Abercynon (ST 0188 9446)
This mine was originally called Dowlais-Cardiff Colliery. It was sunk by the Dowlais Iron Company when they moved their steel-making operations from their Dowlais Works to their new works at East Moors in Cardiff. Even though the Dowlais Company had installed the new Bessemer process for converting iron to steel at their Dowlais Works, a combination of things such as declining markets, the unsuitability of Welsh iron ore for steel making, the remoteness of Dowlais, and tariffs against foreign steel in the USA had made the works uneconomical and in 1887 the decision had been made to move their steel-making operations to the coast, leaving only rail rolling at Dowlais.
The colliery was sited 15 miles to the north of Cardiff and 11 miles to the south of Dowlais. The ceremonial cutting of the sod for the colliery was carried out on the First of December 1889, with the actual sinking of the Abercynon Colliery commencing on the 3rd of December 1889. The first coal was raised in July 1896.
The sinking’s soon encountered difficulties with excessive water in the pits, and when they had reached a depth of 311 yards the water flooded the pits and overflowed onto the surface of the mine. All sinking operations were stopped for 18 months while pumps had to be installed to remove 12,000 gallons of water per hour.
The pumping engine was installed in the north pit and was constructed by Messrs. Hathorn Davey & Company, it was of the tandem, horizontal compound and condensing type. The high-pressure cylinder was 45 inches in diameter and the low-pressure cylinder was 78 inches in diameter with a 10 feet stroke. Another pumping engine was installed at the pit bottom.
The Two-Feet-Nine seam was struck at a depth of 650 yards in 1895, with the two pits being completed to a depth of 740 yards to the Nine-Feet seam in 1896. They were the deepest in the South Wales Coalfield up to that time and cost £270,000 to complete. They were 20 feet in diameter and 65 yards apart. In that year 70 men were employed underground, 151 on the surface with the manager being Thomas Railton.
The pit-head wheels were 18 feet in diameter and 72 feet high and allowed the raising of two trams per wind. The backstays were 175 feet long.
The winding engine at the south pit was made by Daglish & Co. of St. Helens and consisted of two horizontal cylinders 36 inches in diameter with a six feet stroke and a cylindrical drum of 17 feet six inches diameter. The weight of the drum was 35 tons. The winding rope was flattened on 1.5 inches in diameter. A single wind could be done in 42 seconds.
The north pit winder was made by J. Fowler & Co. of Leeds and had two horizontal cylinders 42 inches in diameter with a seven feet stroke. The winding drum was conical with eleven coils and reduced from 32 feet to 17 feet. The winding rope was 1.75 inches in diameter. Loading and unloading at both the pit bottom and the pit top were done automatically in less than 8 seconds.
The ventilation for the mine was done by a Schiele fan of 21 feet diameter. There were ten Lancashire type boilers 30 feet by 8 feet to produce the steam for the engines of the colliery.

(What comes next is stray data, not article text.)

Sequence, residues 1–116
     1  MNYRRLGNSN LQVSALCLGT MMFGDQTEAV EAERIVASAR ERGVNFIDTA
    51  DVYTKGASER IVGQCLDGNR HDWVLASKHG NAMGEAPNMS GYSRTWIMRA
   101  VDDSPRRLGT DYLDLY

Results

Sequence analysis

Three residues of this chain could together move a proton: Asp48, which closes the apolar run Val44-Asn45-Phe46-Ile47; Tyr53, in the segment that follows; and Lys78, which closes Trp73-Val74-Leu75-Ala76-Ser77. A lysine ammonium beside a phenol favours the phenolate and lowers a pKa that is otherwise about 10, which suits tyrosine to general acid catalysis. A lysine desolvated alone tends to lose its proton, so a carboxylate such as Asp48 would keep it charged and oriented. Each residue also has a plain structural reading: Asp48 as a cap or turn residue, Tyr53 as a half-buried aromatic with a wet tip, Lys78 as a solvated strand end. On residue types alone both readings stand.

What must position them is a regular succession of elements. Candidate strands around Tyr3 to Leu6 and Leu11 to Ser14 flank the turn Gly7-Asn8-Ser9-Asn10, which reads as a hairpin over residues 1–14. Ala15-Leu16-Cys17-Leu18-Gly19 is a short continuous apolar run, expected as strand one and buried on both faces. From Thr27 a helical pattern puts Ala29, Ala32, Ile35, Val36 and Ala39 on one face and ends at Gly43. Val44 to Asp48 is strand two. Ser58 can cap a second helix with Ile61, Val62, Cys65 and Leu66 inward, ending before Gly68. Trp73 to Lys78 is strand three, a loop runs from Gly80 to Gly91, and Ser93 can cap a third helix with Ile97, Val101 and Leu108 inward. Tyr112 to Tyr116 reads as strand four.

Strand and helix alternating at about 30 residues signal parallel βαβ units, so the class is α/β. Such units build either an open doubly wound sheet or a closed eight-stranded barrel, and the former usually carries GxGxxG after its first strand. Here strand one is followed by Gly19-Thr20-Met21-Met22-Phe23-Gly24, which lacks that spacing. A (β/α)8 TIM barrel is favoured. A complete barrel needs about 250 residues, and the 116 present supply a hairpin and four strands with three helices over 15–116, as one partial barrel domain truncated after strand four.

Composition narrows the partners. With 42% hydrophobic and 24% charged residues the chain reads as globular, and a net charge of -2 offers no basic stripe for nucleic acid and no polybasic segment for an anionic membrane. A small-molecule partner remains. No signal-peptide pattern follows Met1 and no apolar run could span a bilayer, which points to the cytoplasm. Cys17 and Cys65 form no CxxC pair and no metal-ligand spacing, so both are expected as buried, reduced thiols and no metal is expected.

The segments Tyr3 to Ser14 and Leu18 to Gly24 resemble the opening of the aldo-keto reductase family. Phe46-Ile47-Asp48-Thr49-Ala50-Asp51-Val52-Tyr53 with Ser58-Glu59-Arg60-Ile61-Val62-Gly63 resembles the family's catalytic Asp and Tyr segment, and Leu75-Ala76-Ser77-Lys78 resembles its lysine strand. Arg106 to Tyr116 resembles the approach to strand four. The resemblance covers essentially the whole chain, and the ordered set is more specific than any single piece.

The original water pump on the surface was a Hathorn Davey tandem horizontal compound and condensing engine with a high-pressure cylinder 45 inches in diameter, and the low-pressure cylinder was 78 inches in diameter with a ten-foot stroke. There were also three direct-acting steam-driven water pumps in lodge rooms in the shaft. They were made by Messrs. Pearn & Co.
This colliery was on the Admiralty’s list to supply coal to the Royal Navy.
This colliery got off to a bad start when on the 23rd of January 1893 at 8.30 pm eight of the pit sinkers died when the side of the shaft collapsed. At 6.40 pm on the 9th of September 1895, another six of the sinkers died when the bowk that they were travelling the shaft in tipped over. Four other sinkers died in individual accidents.
On the 28th of April 1906, a runaway journey of trams killed Morgan Richards aged 39, Henry Jones aged 38 years, Herbert Moon aged 31 years, Ernest Watts aged 31 years and Alfred Harper aged 37 years. Also to die in this pit in that year were Evan Lloyd a collier who died under a roof fall on the 21st of July and Eleazer Edwards aged 24 who was run over by trams on the 25th of May.
In 1913 this colliery employed 2,694 men, the manager at that time being Tudor Davies and in 1916/18 it was William Pugh. In 1927 the manager of the North Pit was Gerald Walker and it employed 900 men with the South Pit being managed by William Pugh and employing 1,850 men.
On the 25th of February 1929, most of the pit ponies were ill which resulted in 2,300 men being sent home. GKN pulled out of mining operations in south Wales and by 1934 the pit was in the hands of Welsh Associated Collieries Limited who merged with Powell Duffryn in 1935 to form Powell Duffryn Associated Collieries Limited. The manager at that time was P. Davies and in 1938 it was A.E. Hiscox.
One of the systems to dig the coal at Abercynon Colliery in the early days was the Double Stall method in which two main roads would be driven into the seam as far as conditions and ventilation would permit. From these main roads double stalls eleven to fifteen metres in width with a roadway on each side would be driven into the virgin coal and the coal worked between them for a forward distance of approximately 45 metres. The stalls would only be partially filled after extraction and problems with ventilation short-circuiting would arise allowing the build-up of methane gas. When the roads were abandoned the entrances were sealed off and another set of double stalls were opened.